Quick Q&A With Patrick Monahan
The Train lead singer and his band roll into Klipsch Music Center on June 29. We engineered a quick chat with him before the show.
Your new single “Play That Song” opens with the melody from the old standby, “Heart and Soul.” How did you pull that off?
Basically, I called my management and said, “I’m going to sing ‘Heart and Soul,’ but with different lyrics and a different bridge and melody for the verses.” They were pretty nervous about it, because it’s such a big song. But the people who own the “Heart and Soul” copyright loved the idea.
Train has had a lot of radio-friendly hits Over the years. has the formula for making a hit song changed at all?
At this point in my career, I can get a song on the radio, but that’s not really the thing I’m searching for. I’m searching for a connection to people, and that’s just shy of impossible to do. It’s more competitive now because there’s so much more music out there than there used to be.
Is there almost too much music out there now?
Yeah, you can get lost in all of it. But somehow kids find what they want. For instance, when Alessia Cara came out, they found her really quickly.
You did an album of Led Zeppelin covers last year. Was that tougher or easier than writing a bunch of new songs?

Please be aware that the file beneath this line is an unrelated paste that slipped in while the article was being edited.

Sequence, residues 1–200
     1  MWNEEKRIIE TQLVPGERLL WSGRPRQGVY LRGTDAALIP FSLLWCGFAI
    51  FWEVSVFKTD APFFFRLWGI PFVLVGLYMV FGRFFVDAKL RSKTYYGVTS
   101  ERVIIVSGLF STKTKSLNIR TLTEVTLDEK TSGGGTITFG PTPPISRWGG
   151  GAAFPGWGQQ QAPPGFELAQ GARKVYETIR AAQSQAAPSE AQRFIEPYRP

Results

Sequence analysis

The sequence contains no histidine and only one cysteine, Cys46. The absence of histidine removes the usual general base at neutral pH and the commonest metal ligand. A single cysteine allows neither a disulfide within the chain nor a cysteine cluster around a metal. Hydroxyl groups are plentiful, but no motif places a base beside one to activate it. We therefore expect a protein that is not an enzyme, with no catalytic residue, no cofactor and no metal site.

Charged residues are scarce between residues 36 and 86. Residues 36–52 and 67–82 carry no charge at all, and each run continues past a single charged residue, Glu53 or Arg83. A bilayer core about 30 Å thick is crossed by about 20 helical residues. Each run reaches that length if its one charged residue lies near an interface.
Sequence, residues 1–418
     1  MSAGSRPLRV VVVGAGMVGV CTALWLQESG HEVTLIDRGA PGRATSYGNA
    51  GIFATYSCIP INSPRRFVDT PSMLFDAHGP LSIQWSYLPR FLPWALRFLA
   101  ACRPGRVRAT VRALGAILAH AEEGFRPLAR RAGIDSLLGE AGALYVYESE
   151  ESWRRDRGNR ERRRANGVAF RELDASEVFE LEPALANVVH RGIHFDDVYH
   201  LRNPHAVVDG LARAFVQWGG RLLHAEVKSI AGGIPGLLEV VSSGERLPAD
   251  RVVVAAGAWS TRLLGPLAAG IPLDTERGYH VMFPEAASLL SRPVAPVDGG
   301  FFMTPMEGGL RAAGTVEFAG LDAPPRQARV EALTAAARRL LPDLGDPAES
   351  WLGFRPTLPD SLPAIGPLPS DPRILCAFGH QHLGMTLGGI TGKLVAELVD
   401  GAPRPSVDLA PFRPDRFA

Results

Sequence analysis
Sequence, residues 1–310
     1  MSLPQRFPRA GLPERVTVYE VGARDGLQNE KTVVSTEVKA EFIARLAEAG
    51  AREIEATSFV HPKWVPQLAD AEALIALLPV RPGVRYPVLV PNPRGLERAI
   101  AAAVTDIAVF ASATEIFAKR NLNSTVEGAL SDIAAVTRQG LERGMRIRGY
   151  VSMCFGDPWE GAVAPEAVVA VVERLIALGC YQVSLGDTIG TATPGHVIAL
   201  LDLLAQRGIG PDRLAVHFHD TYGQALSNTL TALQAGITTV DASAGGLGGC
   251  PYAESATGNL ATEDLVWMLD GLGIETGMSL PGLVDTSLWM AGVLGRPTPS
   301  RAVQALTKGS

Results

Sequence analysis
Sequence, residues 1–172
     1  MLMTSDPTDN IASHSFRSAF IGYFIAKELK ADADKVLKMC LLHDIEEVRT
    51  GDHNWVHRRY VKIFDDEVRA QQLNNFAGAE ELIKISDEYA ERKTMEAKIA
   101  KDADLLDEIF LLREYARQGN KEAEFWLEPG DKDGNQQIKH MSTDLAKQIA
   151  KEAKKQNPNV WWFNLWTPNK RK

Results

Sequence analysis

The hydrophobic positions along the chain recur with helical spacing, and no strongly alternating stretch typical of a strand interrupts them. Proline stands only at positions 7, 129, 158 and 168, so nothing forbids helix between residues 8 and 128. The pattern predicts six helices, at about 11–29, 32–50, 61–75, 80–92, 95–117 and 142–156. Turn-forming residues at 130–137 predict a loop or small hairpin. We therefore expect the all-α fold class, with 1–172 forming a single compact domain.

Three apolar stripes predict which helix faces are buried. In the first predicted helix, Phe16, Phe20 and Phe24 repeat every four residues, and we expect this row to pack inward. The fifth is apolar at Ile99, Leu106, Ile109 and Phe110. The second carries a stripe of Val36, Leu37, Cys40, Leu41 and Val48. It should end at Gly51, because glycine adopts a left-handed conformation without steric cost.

You don’t have to worry about writing, but you have to worry about doing justice to songs people have very strong opinions about. There was a lot of hate for the Led Zeppelin album until people actually heard it. But when they heard it, many of them seemed to think, Okay, this band is really serious.
Do you turn to your kids for musical inspiration?
I have a 24-year-old, a 19-year-old, an 8-year-old, and a 5-year-old. I use the little kids as a sounding board a lot when it comes to writing, because they’re what’s happening next. I’ll play them new music before anybody else. If they respond to it, I know there’s something very positive about it that could translate into other people liking it.
Speaking of positivity, your latest album, A Girl A Bottle A Boat, is very upbeat. Does it get harder, as you get older, to sound that way?
Actually, it’s the opposite. When I first started out, I was in a relationship that wasn’t a lot of fun, and everything I wrote was sad, or somehow said, “I’m sorry,” or “I’ll change.” Then I met my wife and everything got better. On this record, I just wanted to create music that made me happy. Maybe it will make someone else happy, too.